No power from ECM to fuel pump or injectors after shorting out positive battery cable

Tiny
BARRY MAIDEN
  • MEMBER
  • 1992 CHEVROLET TRUCK
  • 4.3L
  • V6
  • 2WD
  • AUTOMATIC
  • 220,000 MILES
Battery cable got against manifold burnt into, replaced battery and cable, when tried to start there was no fuel to injectors and fuel pump was not working. Replaced fuel pump and fuel pump relay, still nothing. Jumper wire to pump it works, injectors have power, checked electrical circuits all good. Think shorting out positive battery fried ECM. Is this possible and more than likely my problem?
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Monday, November 21st, 2016 AT 4:24 PM

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Tiny
CARADIODOC
  • EXPERT
Definitely not. If the positive battery cable became grounded, the only thing that was shorted was the battery. Those can easily pass well over 250 amps to run the starter motor. A dead short will eventually melt the cables, including the negative cable, because the same current is flowing through both of them. Shorts to the rusty manifold are very inefficient electrical conductors, so it's unlikely you could get enough current to flow to do real damage to the cables.

What I would look for first, instead, is something that happened after the short occurred. GM likes to use the larger terminal on the starter as a convenient tie point. That is where the positive battery cable is attached too, and often one of the additional smaller wires gets overlooked. Also, depending on which part of which wire became grounded, there could have been some voltage spikes developed, and those can cause nuisance fuses to blow. Do not overlook checking the fuses under the hood and inside the vehicle.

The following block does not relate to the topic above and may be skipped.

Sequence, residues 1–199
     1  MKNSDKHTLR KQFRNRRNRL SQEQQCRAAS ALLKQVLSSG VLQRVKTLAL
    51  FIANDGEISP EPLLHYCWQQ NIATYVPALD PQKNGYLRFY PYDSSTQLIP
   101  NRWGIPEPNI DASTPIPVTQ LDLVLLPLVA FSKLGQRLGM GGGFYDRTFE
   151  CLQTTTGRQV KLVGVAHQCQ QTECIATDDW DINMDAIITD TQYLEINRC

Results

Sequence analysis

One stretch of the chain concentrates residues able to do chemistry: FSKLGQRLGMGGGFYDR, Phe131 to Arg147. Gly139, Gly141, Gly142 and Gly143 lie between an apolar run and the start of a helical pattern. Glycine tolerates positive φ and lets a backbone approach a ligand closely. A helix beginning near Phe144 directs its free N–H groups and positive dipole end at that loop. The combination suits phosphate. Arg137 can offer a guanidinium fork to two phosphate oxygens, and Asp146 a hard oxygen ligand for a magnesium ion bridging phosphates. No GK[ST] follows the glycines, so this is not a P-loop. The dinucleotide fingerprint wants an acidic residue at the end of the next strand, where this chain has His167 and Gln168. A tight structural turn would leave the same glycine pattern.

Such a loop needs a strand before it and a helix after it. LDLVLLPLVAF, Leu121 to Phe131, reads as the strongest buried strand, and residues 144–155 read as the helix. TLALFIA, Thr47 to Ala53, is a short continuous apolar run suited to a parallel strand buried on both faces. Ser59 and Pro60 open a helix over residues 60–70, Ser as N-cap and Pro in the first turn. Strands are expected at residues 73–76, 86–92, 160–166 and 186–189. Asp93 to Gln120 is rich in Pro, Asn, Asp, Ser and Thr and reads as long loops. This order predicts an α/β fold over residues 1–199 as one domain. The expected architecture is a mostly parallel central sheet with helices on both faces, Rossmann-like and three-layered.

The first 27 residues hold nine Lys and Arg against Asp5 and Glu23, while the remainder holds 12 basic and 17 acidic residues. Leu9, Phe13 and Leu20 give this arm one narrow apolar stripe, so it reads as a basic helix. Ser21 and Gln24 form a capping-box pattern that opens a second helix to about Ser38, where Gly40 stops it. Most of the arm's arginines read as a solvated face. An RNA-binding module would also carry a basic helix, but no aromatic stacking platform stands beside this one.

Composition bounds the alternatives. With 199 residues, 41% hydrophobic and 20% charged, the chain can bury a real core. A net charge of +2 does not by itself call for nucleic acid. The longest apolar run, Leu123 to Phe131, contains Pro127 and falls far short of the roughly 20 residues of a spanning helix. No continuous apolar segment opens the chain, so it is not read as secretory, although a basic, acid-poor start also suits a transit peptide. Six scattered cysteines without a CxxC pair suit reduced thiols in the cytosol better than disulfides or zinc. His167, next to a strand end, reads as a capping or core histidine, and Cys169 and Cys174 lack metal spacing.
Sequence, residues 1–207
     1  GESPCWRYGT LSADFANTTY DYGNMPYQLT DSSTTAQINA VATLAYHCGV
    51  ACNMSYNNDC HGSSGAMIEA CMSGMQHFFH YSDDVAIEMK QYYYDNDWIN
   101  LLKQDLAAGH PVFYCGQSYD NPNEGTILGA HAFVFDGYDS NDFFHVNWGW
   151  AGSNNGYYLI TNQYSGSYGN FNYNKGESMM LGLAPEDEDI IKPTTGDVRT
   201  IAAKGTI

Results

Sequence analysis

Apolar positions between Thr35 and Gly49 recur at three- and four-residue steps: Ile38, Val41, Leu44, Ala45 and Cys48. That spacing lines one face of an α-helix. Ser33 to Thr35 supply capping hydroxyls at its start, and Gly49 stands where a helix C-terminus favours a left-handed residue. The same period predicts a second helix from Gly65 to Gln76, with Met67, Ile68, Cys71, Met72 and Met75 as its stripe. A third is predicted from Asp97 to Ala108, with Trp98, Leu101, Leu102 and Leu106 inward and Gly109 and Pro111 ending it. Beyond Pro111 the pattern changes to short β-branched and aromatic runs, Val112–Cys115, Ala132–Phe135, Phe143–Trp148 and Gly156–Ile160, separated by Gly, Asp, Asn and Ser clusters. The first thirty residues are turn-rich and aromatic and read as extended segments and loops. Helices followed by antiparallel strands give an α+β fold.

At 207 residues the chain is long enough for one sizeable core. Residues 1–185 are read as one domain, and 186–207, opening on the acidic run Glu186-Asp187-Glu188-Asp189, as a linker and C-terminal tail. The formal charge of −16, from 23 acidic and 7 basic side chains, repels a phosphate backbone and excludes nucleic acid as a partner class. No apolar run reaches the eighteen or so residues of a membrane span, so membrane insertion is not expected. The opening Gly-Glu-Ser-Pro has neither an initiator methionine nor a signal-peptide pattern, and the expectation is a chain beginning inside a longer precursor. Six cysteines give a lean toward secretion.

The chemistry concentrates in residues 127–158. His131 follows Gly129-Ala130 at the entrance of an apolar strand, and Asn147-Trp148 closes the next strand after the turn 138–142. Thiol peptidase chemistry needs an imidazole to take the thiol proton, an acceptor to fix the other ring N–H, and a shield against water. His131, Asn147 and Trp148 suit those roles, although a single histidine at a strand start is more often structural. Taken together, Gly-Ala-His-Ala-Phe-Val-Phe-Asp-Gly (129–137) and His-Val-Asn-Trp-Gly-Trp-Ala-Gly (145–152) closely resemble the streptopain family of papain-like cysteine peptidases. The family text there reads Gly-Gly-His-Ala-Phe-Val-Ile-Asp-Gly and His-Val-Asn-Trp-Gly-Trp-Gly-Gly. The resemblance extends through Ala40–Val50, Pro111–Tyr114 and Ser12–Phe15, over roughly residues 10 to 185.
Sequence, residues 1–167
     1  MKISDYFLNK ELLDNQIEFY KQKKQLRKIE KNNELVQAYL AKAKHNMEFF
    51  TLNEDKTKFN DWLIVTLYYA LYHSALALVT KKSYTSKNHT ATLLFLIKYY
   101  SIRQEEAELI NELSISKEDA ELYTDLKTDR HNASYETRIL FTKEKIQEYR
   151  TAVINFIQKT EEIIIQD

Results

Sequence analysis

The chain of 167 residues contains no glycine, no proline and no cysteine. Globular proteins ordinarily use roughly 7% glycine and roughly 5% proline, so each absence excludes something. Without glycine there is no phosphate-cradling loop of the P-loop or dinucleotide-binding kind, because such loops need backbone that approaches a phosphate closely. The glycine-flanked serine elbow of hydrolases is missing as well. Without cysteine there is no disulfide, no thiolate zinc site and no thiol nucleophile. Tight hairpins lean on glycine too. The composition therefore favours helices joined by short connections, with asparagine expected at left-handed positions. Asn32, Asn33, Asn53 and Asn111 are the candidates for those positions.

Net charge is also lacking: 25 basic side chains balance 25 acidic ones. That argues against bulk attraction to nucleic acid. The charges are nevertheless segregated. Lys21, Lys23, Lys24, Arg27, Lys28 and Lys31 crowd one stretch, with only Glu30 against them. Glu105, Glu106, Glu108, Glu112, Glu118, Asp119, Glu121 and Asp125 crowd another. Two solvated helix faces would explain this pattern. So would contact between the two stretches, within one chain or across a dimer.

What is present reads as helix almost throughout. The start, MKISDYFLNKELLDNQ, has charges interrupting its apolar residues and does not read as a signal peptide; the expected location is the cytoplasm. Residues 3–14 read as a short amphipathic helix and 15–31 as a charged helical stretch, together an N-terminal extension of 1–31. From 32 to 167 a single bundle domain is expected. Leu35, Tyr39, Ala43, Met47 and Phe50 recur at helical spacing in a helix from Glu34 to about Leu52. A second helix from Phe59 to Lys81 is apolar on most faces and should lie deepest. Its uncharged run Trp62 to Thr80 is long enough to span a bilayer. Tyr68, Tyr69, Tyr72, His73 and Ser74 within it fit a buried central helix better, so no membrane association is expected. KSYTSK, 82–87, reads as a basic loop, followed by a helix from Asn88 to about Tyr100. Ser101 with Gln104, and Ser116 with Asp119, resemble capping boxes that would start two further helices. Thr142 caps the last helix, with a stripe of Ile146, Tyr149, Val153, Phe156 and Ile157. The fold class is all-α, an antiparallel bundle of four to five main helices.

There are also some vehicles where the large output terminal on the back of the generator is used as a convenient tie point for other circuits. There is a positive wire that goes straight from the output terminal to the battery. If that is the wire that became grounded, and the wire burned open, anything that branches off at the generator will be dead. That is real easy to test. Use a test light, or a voltmeter, to measure the voltage on the generator's output terminal. You must find full battery voltage there all the time.
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Monday, November 21st, 2016 AT 6:28 PM

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